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Do You Have What It Takes To Work At A Startup? Since startups start off as extremely small in size, there's no limit to what might be demanded of a potential employee.

By Nickhil Jakatdar

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Startups are all the rage right now. Their popularity has surged over the last decade, a decade that has seen the meteoric rise of household brands such as Facebook, Whatsapp, Instagram and Google. Just flip through the pages of any newspaper or business title, and you'll notice that there's been quite a shift, with tech titans like Microsoft, Oracle and Cisco having to share space with the likes of Snapchat, Netflix and Uber.

A fair number of successful startups have sprung up in the UAE as well, engaged in a dizzying array of industries. The country ranked 19th worldwide in the Global Entrepreneurship Index Report 2016, ahead of developed nations such as South Korea, Norway and Japan. This reflects the commitment of the UAE leadership to foster a spirit of entrepreneurship in its youth. According to research by ArabNet, over US$750 million was invested in more than 450 tech start-ups in the MENA region between 2013 and 2015. The rise of incubators in the region is also a promising sign of a culture focused on boosting local entrepreneurship.

Working at a startup, or aspiring to work at one, has become a bit of a fad, being perceived as unorthodox. Millennials in particular are gravitating towards them in droves, seeing them as a better alternative to the constrictive, corporate atmosphere that characterized the offices they saw their parents working in, day in and day out, for years. Yet, examples like Facebook are few and far between, and behind every successful founder's testimony on CNN, or a Bloomberg headline announcing the acquisition of yet another startup that struck gold, is a story of perseverance, struggle, teamwork, learning and sacrifice.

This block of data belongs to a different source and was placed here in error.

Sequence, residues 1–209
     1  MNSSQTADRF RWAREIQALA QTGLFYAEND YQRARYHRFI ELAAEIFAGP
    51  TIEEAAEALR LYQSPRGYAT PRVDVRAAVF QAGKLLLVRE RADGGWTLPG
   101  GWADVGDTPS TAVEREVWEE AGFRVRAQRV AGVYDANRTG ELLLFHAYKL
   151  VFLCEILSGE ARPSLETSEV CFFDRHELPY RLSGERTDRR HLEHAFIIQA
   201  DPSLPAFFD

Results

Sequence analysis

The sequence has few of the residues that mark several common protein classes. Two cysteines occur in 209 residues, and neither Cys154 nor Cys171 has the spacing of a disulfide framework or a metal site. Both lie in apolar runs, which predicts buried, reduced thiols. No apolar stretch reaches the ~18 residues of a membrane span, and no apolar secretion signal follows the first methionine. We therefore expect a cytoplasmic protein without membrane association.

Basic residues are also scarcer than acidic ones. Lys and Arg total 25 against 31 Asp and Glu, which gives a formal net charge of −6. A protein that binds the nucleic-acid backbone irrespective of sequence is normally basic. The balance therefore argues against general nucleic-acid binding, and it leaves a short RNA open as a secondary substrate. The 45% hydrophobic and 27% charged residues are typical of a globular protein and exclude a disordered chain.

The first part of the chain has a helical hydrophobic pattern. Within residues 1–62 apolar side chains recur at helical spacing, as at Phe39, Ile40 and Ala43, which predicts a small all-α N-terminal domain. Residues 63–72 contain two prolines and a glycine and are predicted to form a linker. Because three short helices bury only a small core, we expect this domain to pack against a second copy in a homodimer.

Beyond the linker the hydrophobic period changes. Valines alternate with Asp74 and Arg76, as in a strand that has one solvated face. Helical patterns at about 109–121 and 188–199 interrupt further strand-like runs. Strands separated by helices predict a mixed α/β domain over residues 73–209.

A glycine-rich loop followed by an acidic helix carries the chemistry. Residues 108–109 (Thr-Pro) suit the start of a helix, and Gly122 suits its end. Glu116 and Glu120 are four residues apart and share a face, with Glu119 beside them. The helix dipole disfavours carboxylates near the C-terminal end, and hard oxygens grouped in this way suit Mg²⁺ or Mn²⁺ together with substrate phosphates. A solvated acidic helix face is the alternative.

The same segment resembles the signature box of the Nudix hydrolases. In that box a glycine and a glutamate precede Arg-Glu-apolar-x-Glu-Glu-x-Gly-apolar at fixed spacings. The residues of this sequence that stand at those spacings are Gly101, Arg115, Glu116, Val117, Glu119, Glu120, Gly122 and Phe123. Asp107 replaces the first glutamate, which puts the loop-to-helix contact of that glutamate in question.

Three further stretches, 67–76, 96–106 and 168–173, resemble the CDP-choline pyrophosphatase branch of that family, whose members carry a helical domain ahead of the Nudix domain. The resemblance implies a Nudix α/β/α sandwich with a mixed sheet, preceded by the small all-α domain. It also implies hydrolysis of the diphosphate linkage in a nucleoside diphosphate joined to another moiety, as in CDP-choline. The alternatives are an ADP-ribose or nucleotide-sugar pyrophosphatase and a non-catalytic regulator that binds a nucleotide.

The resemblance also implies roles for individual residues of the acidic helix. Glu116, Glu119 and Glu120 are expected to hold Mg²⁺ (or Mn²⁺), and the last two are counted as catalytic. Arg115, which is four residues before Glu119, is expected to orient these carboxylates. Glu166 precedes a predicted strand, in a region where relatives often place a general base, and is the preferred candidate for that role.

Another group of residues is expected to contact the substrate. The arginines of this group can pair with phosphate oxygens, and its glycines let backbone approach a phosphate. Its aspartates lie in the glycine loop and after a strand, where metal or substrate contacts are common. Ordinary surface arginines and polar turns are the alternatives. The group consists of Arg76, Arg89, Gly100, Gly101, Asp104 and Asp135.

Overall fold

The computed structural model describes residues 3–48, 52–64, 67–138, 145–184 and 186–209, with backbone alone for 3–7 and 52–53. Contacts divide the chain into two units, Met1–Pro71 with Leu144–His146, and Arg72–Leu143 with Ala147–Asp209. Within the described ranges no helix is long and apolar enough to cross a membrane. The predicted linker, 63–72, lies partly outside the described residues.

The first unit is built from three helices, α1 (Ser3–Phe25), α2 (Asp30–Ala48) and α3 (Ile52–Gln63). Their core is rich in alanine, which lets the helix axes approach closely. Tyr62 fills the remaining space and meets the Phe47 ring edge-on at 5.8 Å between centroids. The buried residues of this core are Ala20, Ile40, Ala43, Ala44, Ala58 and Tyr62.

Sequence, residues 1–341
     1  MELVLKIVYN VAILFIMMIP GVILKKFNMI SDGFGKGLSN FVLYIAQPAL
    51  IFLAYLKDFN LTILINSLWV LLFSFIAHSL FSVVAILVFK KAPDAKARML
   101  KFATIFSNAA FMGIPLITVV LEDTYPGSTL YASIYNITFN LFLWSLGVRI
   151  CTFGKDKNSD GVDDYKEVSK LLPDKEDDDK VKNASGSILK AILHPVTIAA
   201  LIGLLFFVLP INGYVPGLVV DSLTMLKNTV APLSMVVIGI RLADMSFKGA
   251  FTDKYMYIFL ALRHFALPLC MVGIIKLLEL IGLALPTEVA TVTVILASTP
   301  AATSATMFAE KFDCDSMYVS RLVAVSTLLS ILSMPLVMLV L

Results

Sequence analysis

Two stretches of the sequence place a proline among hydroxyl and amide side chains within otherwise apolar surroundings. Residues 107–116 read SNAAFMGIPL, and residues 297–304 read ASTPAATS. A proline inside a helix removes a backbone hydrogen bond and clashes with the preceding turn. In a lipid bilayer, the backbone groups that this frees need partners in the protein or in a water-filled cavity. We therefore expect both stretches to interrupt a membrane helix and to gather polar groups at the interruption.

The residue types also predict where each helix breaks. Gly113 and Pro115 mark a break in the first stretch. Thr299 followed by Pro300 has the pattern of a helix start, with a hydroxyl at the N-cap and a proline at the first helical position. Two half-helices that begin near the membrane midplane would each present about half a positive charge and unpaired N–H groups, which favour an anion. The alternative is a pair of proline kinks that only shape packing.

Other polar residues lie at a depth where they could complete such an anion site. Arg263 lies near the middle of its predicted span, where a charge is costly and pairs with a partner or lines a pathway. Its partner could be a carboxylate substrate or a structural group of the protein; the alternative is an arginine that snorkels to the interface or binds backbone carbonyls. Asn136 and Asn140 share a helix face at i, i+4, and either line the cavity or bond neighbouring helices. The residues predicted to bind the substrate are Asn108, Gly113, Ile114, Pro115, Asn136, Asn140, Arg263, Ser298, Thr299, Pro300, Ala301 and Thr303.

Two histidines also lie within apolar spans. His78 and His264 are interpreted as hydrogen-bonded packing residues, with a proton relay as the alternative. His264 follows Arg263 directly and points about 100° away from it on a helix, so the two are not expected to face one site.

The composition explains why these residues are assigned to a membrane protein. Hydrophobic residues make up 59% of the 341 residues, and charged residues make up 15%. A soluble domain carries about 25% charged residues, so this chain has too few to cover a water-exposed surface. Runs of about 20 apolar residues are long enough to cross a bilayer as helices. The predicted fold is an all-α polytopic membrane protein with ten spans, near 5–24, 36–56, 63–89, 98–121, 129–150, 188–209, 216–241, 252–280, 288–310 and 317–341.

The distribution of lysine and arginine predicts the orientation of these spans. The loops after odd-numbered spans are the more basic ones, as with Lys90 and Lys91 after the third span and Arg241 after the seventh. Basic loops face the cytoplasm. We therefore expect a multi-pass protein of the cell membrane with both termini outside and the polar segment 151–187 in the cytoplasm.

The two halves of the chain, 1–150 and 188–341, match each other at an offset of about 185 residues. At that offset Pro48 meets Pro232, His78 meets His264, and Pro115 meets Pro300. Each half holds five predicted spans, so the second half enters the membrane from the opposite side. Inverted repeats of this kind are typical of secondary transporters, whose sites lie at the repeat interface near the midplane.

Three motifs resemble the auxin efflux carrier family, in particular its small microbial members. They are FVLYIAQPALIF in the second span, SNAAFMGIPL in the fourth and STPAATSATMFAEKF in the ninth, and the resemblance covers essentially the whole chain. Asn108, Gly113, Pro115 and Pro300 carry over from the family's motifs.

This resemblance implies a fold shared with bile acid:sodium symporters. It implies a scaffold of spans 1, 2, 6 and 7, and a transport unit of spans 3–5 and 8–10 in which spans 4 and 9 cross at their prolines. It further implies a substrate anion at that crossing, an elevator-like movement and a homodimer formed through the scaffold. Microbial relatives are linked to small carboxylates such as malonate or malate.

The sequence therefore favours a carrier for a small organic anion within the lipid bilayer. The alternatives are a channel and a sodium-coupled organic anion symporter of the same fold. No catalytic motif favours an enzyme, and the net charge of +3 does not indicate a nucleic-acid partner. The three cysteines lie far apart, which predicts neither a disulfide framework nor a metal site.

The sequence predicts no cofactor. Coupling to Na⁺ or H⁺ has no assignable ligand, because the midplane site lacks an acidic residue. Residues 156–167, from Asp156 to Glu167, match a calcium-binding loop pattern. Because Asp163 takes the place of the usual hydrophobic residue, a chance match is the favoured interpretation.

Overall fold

Related: The Truth About Entrepreneurship

Needs and priorities have changed over the years, with the current generation more inclined to work at an outfit that values personal time and is in tune with their own aspirations. Financial reward alone isn't a motivating factor anymore, especially with the new crop of university graduates, who aren't willing to go through what their parents and grandparents endured for decades. Startups have long been associated with a hierarchy-light atmosphere, where almost every day is Casual Thursday. This laissez-faire approach has enticed many to forego a more conventional career trajectory and to try something that's widely viewed as out-of-the-box.

But does everyone have what it takes to join a startup? While the pros of working for one seem alluring, the work involved might not be everyone's cup of tea. A candidate could seem attractive on paper, with the requisite experience, qualifications and recommendations. But when it comes down to it, does everyone have the right mindset and attitude to thrive (and survive) in a dynamic and fast-paced environment, where there's no telling what tomorrow might hold? Entrepreneurs have realized that a culturally fit team has far better chances for sustenance in the long run.